Just in time for the icy grip of winter: A team of researchers led by scientists from the U.S. Department of Energy's Lawrence Berkeley National Laboratory (Berkeley Lab) has identified several mechanisms that make a new, cold-loving material one of the toughest metallic alloys ever.
The alloy is made of chromium, manganese, iron, cobalt and nickel, so scientists call it CrMnFeCoNi. It's exceptionally tough and strong at room temperature, which translates into excellent ductility, tensile strength, and resistance to fracture. And unlike most materials, the alloy becomes tougher and stronger the colder it gets, making it an intriguing possibility for use in cryogenic applications such as storage tanks for liquefied natural gas.
To learn its secrets, the Berkeley Lab-led team studied the alloy with transmission electron microscopy as it was subjected to strain. The images revealed several nanoscale mechanisms that activate in the alloy, one after another, which together resist the spread of damage. Among the mechanisms are bridges that form across cracks to inhibit their propagation. Such crack bridging is a common toughening mechanism in composites and ceramics but not often seen in unreinforced metals.
Their findings could guide future research aimed at designing metallic materials with unmatched damage tolerance. The research appears in the December 9, 2015, issue of the journal Nature Communications.
"We analyzed the alloy in earlier work and found spectacular properties: high toughness and strength, which are usually mutually exclusive in a material," says Robert Ritchie, a scientist with Berkeley Lab's Materials Sciences Division who led the research with Qian Yu of China's Zhejiang University and several other scientists.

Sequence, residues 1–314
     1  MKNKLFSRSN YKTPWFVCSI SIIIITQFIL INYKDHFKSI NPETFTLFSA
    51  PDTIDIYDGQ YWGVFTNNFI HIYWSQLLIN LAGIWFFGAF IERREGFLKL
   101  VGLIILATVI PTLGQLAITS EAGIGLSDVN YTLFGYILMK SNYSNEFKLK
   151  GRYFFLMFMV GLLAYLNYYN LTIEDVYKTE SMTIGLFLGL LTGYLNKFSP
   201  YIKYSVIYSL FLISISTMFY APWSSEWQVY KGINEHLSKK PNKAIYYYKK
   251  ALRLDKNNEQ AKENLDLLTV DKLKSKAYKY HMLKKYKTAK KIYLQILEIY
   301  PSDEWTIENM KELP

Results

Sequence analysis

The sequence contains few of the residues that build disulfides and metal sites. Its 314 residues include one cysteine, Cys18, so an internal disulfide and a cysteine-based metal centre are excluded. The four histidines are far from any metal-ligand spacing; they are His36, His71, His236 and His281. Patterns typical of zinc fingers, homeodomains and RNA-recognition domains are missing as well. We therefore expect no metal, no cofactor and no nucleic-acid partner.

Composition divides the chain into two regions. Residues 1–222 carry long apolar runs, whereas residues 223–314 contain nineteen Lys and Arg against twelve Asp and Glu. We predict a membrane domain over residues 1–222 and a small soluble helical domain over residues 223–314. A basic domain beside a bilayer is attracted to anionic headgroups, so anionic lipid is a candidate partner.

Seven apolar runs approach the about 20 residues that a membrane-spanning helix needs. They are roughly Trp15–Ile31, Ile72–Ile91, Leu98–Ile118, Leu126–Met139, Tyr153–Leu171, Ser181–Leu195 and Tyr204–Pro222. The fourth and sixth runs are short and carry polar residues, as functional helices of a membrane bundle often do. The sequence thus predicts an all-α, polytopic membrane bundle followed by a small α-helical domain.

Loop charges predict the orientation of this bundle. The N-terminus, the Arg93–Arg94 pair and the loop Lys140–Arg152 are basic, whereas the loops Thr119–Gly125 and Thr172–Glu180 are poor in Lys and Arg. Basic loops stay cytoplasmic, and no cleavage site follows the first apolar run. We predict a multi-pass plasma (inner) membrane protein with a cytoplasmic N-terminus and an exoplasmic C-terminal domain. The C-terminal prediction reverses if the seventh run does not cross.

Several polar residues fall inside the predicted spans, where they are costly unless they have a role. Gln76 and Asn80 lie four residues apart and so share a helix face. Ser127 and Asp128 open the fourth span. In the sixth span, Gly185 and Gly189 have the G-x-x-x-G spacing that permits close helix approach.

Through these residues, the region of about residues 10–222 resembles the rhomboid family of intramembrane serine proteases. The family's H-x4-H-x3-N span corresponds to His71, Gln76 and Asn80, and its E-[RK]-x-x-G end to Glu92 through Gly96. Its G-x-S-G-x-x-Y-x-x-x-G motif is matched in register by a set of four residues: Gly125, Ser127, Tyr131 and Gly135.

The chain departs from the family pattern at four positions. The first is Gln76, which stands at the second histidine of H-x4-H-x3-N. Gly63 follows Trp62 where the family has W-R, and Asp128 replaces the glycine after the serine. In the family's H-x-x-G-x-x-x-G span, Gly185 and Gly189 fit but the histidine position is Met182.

"So in this research, we used TEM to study the alloy at the nanoscale to see what's going on," says Ritchie.
In materials science, toughness is a material's resistance to fracture, while strength is a material's resistance to deformation. It's very rare for a material to be both highly tough and strong, but CrMnFeCoNi isn't a run-of-the-mill alloy. It's a star member of a new class of alloys developed about a decade ago that contains five or more elements in roughly equal amounts. In contrast, most conventional alloys have one dominant element. These new multi-component alloys are called high-entropy alloys because they consist primarily of a simple solid solution phase, and therefore have a high entropy of mixing.
They're a hot topic in materials research, and have only recently been available in a quality suitable for study. In 2014, Ritchie and colleagues found that at very cold temperatures, when CrMnFeCoNi deforms, a phenomenon called "twinning" occurs, in which adjacent crystalline regions form mirror arrangements of one another. Twinning likely plays a part in the alloy's incredible toughness and strength. But twinning isn't extensively found in the alloy at room temperature (except in the crack bridges), yet the alloy's toughness and strength is still almost off the charts.
"If we don't see twinning at room temperature, then what other mechanisms give the alloy these amazing properties?" asks Ritchie.
To find out, the scientists subjected the alloy to several straining experiments at room temperature, and used transmission electron microscopy to observe what happens.
Their time-lapse images revealed two phenomena related to shear stress: slow-moving perfect dislocations that give the material strength, and fast-moving partial dislocations that enhance ductility. They also saw a phenomenon involving partial dislocations called "three-dimensional stacking fault defects," in which the 3-D arrangement of atoms in a region changes. These faults are big barriers to dislocation, like placing a stack of bricks in front of a growing fissure, and serve to harden the alloy.
The images also captured the nanoscale version of chewing a mouthful of toffee and having your teeth stick together: In some cases, tiny bridges deformed by twinning are generated across a crack, which help prevent the crack from growing wider.
"These bridges are common in reinforced ceramics and composites," says Ritchie. "Our research found that all of these nanoscale mechanisms work together to give the alloy its toughness and strength."
The research was funded in part by the Department of Energy's Office of Science (Office of Basic Energy Science).
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